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The Salt Spray Testing Process

Corrosive Resistance Testing For Industrial Coatings


Salt spray tests are conducted in a closed testing chamber where an atomised saltwater solution is applied to a sample via a spray nozzle. This dense saltwater ‘mist’ or ‘fog’, combined with an elevated temperature, is used to create an amplified corrosive environment.

These chambers are typically 15 cubic feet (420 L) because of the minimum volume accepted by International Standards on Salt Spray Tests. It has been found very difficult to attain constancy of corrosivity in different exposure regions within the test chambers, for sizes below 400 litres.

After a period of time, which is dependent on the corrosion resistance of a product, the appearance of oxides is evaluated. The more resistant the product is, the longer it takes for the oxides to appear.

Testing periods can take between 24 and 1,000 hours, or more for certain coatings.

The Full Salt Spray Test Process

What We Do

Our technicians are trained to perform the salt spray test according to ISO 9227-2017 in one of our salt spray testing chambers.

For example, salt spray testing is a paint industry test method, globally recognised. Continuous exposure to salt spray at 35 ° C +/- 2 ° C with a salt solution @ 5% +/- 1%.

There are 3 main variants within the standard:

  • NSS: Neutral Salt Spray – (a mixture of demineralized water and pure salt)
  • AASS: Acetic Salt Spray – (NSS solution + glacial acetic acid)
  • CASS: Cupro Acetic Salt Spray – (NSS solution + copper chloride) at 50 ° C +/- 2 ° C

Measuring / Test Equipment

All our measuring equipment is calibrated. This occurs on an annual basis by an external company. All parameters are checked, for example, the temperature and airflow and the chamber air pressure for atomisation.

The individual chambers are then fed with the saline solution. This has gone through several tests prior and during testing. The pH, the saline solution strength (percentage of sodium chloride in the range of 0 to 28%)

The temperature of the chamber is continuously monitored.

The concentration and pH of the saline solution is measured and monitored.

Photographs are taken of each sample before starting the test.


Starting the test cycle we…

  • Place the samples in the chamber according to the test standard.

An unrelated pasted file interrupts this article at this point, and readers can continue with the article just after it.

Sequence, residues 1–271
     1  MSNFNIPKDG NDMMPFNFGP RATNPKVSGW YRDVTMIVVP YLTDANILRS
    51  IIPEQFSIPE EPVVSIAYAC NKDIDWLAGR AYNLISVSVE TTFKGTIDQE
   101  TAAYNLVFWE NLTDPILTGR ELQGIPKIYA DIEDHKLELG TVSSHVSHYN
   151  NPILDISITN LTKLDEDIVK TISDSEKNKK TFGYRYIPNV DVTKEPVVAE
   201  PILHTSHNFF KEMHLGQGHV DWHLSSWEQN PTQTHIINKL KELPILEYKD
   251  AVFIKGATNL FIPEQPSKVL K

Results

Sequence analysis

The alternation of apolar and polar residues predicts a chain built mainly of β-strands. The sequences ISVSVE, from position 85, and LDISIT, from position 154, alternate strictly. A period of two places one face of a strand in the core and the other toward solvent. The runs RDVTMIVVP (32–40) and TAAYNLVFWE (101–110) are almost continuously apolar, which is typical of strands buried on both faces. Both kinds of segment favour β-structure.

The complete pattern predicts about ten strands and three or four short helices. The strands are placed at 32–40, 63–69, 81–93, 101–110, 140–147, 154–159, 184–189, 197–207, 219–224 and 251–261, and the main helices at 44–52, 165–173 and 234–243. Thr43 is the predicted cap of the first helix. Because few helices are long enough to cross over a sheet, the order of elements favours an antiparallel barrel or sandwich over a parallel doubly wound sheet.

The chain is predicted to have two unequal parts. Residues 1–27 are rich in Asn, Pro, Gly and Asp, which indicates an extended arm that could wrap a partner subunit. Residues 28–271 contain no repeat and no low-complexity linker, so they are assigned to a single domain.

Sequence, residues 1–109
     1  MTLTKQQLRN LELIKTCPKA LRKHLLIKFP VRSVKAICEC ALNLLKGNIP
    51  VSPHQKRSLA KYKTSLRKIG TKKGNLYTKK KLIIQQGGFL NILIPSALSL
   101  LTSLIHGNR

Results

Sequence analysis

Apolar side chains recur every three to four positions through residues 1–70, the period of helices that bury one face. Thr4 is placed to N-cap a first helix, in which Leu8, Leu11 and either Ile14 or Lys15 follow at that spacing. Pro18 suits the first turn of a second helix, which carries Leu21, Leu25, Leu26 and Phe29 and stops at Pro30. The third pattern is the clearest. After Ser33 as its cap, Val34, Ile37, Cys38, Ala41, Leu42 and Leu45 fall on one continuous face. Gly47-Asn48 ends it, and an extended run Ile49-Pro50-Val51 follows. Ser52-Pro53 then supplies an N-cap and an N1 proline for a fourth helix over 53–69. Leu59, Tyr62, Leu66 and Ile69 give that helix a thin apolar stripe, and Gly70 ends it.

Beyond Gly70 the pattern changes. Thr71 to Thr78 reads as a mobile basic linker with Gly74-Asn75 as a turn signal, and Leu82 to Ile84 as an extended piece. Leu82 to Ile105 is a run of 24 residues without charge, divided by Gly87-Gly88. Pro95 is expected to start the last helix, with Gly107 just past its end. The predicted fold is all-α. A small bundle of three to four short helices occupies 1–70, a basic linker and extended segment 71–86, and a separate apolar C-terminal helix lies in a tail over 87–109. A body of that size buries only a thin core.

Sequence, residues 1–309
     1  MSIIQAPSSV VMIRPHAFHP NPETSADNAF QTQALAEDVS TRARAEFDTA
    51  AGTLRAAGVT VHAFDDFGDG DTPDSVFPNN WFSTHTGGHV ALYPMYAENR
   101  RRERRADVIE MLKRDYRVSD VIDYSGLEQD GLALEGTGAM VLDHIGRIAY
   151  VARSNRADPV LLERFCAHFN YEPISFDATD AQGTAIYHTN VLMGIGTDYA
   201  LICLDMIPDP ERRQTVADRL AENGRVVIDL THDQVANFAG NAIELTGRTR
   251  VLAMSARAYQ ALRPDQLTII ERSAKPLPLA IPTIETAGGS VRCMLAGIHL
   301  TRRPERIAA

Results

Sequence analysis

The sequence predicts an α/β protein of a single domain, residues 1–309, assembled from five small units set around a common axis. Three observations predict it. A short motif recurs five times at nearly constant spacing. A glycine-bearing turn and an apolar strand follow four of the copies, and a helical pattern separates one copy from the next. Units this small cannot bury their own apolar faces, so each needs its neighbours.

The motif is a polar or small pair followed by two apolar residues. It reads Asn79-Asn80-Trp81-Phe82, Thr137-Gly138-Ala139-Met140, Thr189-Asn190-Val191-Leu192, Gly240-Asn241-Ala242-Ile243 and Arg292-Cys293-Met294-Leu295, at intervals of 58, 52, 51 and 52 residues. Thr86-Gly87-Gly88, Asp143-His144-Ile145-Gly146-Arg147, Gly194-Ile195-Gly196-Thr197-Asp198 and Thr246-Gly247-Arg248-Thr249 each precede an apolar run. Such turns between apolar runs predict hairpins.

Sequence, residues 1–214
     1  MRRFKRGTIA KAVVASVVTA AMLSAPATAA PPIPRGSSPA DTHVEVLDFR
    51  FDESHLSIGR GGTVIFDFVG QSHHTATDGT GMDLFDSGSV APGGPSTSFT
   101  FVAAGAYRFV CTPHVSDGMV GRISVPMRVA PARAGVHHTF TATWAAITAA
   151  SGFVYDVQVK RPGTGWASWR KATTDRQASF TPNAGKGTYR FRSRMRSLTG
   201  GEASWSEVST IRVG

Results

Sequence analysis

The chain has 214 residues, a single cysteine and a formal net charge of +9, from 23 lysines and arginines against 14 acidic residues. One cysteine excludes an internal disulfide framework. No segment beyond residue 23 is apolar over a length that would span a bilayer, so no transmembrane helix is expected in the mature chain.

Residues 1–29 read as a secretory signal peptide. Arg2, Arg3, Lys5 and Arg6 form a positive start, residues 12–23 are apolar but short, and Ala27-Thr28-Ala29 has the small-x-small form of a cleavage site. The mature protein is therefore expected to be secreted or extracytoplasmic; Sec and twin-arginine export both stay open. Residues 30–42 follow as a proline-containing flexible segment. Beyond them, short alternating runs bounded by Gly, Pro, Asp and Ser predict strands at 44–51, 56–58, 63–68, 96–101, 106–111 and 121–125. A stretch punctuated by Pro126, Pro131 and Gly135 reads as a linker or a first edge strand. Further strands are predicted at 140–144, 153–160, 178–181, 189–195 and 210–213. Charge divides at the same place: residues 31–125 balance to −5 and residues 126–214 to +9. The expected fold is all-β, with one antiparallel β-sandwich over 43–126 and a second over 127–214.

• Make sure that no sample is hiding other samples and that droplets from one sample cannot fall on other samples. Check that the room temperature is within acceptable limits.
  • Check that the temperature of the air saturator is within limits.
  • Check that the atomizer air pressure is within limits.
  • Spray continuously with atomized saline solution at a constant chamber temperature.
  • Verify that the collected solution is within acceptable limits for fallout rates.
  • Check that the saline solution in the tank is less than 5.0% + / -1.0% NaCl.
  • Record the pH of the saline solution in the tank.
  • Check that the pH of the collected saline solution is within acceptable limits.
  • Exceptions to continuous testing are allowed, on the one hand to record daily fallout collection rates and the pH of the collected solution and on the other hand for daily verification.
  • Record the conductivity of deionized water when it is in use.
  • Monitor the level of saline in the tank and make sure there is enough for the next 24/48 hours. (Plan a supplement for weekends). NOTE, during the weekend, the opening time of the room must be minimal and not exceed 1 h / 24 h.
  • Photographs to be taken before the start of the test and at times specified by the client.

Daily checks are necessary to ensure that the standard is being met with parameters varying within limits.

Latex gloves should always be worn when handling specimens.

Photographs of the samples should be taken.

Recordings in and out of tolerance as well as downtimes and their duration should be noted in the test report, including details of any changes made.